The Partnership for a New Generation of Vehicles (PNGV) is a national initiative with three goals: First, to significantly improve national competitiveness in manufacturing; second, to implement commercially viable innovations from ongoing research on conventional vehicles, and third, to develop a vehicle to achieve up to three times the fuel efficiency of today's comparable vehicle (ie, the 1994 Chrysler Concorde, Ford Taurus, and Chevrolet Lumina). Note this vehicle will have the equivalent customer purchase price of today's vehicles adjusted for economics, while meeting the customers' needs for quality, performance, and utility. Eight federal agencies are currently contributing to these goals, as well as the three principal US automobile manufacturers, numerous automotive component suppliers, research laboratories, and universities.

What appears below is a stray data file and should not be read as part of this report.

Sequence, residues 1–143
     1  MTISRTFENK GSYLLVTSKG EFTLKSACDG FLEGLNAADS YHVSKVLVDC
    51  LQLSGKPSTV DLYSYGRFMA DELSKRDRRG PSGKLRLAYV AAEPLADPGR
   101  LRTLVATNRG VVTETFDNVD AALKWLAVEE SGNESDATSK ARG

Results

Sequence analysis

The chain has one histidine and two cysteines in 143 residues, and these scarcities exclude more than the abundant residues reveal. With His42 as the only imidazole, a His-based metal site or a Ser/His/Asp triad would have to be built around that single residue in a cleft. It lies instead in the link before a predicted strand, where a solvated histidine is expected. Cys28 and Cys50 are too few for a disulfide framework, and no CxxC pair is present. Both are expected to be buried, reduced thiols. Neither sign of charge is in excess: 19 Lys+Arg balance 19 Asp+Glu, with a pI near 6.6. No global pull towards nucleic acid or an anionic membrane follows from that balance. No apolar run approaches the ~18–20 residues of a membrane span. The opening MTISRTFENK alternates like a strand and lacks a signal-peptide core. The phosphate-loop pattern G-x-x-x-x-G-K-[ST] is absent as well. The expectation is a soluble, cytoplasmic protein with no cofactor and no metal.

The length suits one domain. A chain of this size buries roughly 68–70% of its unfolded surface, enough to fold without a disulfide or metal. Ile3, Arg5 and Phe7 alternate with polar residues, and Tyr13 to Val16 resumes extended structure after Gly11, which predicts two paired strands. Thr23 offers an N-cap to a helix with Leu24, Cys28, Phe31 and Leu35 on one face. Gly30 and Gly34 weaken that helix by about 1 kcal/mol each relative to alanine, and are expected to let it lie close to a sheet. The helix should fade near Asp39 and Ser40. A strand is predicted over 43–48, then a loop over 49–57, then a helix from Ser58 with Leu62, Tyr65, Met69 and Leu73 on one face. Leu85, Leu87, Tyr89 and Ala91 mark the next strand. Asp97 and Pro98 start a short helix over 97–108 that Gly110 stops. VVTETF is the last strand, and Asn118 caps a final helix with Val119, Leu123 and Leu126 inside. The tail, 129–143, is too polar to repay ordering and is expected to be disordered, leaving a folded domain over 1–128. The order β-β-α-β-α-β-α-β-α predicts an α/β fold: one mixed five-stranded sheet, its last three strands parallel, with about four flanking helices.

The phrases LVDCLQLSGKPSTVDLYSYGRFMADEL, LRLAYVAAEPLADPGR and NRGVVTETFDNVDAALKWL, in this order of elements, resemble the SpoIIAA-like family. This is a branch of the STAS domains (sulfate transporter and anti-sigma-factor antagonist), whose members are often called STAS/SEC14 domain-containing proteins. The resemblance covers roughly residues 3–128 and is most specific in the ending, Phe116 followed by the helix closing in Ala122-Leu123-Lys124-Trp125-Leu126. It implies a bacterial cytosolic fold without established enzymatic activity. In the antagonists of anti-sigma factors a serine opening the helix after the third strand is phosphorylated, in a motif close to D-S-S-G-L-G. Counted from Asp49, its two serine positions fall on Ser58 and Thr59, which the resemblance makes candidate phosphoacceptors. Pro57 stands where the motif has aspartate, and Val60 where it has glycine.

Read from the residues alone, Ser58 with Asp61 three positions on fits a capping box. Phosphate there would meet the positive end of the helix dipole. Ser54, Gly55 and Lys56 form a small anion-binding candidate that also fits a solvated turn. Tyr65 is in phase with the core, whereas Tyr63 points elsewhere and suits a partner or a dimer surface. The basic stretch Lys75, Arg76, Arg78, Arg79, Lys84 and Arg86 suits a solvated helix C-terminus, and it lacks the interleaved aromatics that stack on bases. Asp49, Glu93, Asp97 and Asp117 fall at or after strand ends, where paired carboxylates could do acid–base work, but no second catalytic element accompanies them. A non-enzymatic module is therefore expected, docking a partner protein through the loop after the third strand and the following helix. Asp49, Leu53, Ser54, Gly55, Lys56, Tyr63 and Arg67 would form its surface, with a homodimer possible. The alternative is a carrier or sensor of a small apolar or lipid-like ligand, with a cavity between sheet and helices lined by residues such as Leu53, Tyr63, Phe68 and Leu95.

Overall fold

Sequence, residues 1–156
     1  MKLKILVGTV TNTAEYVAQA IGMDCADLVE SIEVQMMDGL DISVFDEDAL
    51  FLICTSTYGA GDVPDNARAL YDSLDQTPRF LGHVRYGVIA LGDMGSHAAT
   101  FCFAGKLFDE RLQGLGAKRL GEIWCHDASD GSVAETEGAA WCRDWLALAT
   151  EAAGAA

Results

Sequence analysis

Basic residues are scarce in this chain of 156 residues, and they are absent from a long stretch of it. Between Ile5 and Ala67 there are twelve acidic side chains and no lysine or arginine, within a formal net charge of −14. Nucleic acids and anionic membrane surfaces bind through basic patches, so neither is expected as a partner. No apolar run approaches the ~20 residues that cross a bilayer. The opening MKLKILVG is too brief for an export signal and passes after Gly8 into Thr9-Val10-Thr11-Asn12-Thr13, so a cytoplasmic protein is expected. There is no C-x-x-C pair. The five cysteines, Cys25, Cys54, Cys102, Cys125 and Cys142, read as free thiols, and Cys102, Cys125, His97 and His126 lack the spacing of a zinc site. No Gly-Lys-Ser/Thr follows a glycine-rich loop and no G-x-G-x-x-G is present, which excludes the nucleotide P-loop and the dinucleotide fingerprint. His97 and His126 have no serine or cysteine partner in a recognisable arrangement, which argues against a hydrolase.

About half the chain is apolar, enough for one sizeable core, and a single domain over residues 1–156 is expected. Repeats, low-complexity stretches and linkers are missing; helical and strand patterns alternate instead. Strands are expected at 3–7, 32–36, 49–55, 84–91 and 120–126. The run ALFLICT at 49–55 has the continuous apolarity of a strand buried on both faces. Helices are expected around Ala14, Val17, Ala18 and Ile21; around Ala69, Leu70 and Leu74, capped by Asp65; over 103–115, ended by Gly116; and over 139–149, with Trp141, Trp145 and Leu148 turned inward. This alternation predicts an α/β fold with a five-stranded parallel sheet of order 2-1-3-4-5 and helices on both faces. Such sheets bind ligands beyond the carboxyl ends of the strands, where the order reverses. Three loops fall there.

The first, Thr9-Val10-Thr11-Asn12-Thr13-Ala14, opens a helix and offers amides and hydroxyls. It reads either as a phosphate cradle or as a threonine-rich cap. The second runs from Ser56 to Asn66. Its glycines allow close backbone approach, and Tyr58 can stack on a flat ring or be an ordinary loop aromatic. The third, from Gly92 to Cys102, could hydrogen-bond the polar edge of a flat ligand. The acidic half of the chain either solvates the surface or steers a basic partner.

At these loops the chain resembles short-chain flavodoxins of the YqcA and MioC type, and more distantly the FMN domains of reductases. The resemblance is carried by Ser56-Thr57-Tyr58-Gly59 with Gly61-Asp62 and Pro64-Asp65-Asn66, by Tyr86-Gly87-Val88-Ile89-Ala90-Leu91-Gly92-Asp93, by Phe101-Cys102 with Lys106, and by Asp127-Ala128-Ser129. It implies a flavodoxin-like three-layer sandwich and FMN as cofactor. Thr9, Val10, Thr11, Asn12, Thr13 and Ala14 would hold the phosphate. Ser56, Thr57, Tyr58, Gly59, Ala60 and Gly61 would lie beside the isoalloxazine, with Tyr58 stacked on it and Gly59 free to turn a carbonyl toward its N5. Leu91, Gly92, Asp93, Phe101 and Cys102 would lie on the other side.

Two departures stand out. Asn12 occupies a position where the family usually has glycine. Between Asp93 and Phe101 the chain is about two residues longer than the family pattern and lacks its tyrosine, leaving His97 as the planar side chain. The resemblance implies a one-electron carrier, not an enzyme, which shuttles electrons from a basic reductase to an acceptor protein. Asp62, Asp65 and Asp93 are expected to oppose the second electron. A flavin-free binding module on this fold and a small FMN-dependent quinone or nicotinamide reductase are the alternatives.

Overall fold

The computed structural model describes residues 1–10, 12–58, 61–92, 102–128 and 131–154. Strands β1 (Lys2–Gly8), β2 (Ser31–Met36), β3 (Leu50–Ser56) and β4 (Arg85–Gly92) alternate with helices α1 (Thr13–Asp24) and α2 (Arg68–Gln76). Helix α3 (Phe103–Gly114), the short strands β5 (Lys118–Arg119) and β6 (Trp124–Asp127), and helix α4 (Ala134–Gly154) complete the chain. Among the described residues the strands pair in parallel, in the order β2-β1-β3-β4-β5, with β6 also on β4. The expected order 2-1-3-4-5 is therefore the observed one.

Materials research and development is a significant effort within PNGV. The goals in this area include development of lightweight, recyclable materials for structural applications, high strength, long-life, high temperature materials for engine components, improved materials for alternative propulsion and energy storage systems, and cost-effective process technologies and component fabrication methods. Application of advanced materials to automobiles will involve consideration of diverse factors, including weight savings, affordability, recyclability, crashworthiness, repairability, and manufacturability.